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People's Law Guide


Attention to Detail Important for LLC Owners

By Stephen M. Feidelman, Esq. 2009


One reason for the popularity of limited liability companies ("LLC") in Florida and elsewhere is the relaxed formality in operating an LLC compared with a corporation. In recent years, many LLC members have decided to form their Florida LLC without the assistance of a lawyer by utilizing the Florida Department of State's e-filing process. Those members have not paid much attention to the LLC's organizational structure beyond creating the articles of organization which are required under Florida law.

Operating agreements for LLCs are analogous to shareholder agreements for corporations, with at least one major exception. Under Florida law, unlike a shareholder agreement, an LLC operating agreement need not be in writing. And so, oral operating agreements have come into existence through members merely operating their LLC. Sometimes, members will orally agree on how various LLC ownership matters are to be treated, but never reduce those agreements to writing. The risk of such oral agreements lies in the question of whether a court will enforce them if called upon to do so.

In Olson v. Halvorsen, C.A. No. 1884-VCL (Del. Ch. Ct. Oct. 22, 2008), a Delaware chancery court ruled that the Statute of Frauds will prohibit enforcement of any portion of an LLC oral operating agreement which is impossible to be fully performed within one year of the making of the agreement. Delaware chancery court rulings have been authoritative in the area of corporate law, and the same is expected to hold true concerning the area of limited liability company law.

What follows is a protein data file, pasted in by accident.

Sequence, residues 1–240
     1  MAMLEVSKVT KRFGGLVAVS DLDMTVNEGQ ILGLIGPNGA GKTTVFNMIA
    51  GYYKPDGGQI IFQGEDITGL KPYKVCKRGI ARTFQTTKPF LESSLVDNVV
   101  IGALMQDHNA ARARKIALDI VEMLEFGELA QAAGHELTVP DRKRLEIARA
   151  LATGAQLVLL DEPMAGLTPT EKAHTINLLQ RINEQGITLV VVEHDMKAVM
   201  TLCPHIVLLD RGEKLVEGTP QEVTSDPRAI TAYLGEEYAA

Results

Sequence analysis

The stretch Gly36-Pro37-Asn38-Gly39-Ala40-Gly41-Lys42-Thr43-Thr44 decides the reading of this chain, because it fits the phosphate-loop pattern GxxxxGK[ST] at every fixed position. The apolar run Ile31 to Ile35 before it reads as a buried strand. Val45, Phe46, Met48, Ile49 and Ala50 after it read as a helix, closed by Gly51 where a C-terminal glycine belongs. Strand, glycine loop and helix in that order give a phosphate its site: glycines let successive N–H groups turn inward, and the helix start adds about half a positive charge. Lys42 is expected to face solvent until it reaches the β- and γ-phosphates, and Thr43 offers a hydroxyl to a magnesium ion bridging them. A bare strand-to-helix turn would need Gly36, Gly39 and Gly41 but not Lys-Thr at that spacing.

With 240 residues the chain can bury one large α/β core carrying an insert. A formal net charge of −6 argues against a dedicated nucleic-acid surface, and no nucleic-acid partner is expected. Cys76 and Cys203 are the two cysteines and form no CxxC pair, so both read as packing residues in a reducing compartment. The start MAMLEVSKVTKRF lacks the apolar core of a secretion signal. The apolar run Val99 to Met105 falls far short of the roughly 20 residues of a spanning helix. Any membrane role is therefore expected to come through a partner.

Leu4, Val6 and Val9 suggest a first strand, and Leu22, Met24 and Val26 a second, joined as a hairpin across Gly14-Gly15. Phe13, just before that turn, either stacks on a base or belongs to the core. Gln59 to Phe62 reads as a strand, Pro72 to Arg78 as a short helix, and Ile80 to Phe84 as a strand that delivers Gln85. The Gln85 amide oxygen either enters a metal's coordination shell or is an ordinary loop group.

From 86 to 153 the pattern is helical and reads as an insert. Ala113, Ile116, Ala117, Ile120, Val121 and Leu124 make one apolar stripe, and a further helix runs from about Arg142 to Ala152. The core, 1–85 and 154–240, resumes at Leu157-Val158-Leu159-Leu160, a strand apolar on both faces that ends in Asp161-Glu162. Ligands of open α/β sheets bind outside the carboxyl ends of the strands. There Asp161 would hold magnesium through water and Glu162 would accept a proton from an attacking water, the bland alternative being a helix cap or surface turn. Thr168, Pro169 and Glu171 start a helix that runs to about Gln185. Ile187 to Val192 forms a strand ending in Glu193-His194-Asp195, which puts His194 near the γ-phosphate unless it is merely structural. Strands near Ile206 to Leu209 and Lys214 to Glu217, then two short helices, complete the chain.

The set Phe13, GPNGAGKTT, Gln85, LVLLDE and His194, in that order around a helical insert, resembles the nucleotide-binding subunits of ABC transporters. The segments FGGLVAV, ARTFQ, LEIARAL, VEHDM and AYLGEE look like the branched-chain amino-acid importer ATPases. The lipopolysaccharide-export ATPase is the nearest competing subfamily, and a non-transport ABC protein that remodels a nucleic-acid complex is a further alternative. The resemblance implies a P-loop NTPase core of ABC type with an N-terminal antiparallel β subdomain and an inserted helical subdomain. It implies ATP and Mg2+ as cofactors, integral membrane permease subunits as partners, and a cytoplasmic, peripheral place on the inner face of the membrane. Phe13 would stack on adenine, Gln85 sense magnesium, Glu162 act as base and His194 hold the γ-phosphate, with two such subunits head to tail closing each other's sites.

If your LLC is presently operating under an oral operating agreement, you may wish to consult with a qualified attorney to find out which, if any, of its terms may be unenforceable and what you can do to reduce the chances of your operating agreement not being enforced as you may have expected.

Stephen M. Feidelman maintains a general civil law practice in Hollywood, Florida, with a core concentration on franchise and dealership representation and allied business law issues. He has attained a Martindale-Hubbell Peer Review rating of AV7, which depicts that a lawyer is recognized for the highest levels of skill and integrity; has served on the Executive Council of The Florida Bar Business Law Section; chaired The Florida Bar's Antitrust, Franchise and Trade Regulation Law Committee; been a faculty participant in numerous seminars related to franchise and business opportunity legal issues; contributed to Florida Bar committee consumer education pamphlets and seminar course materials; and been a guest college lecturer on franchise law issues.

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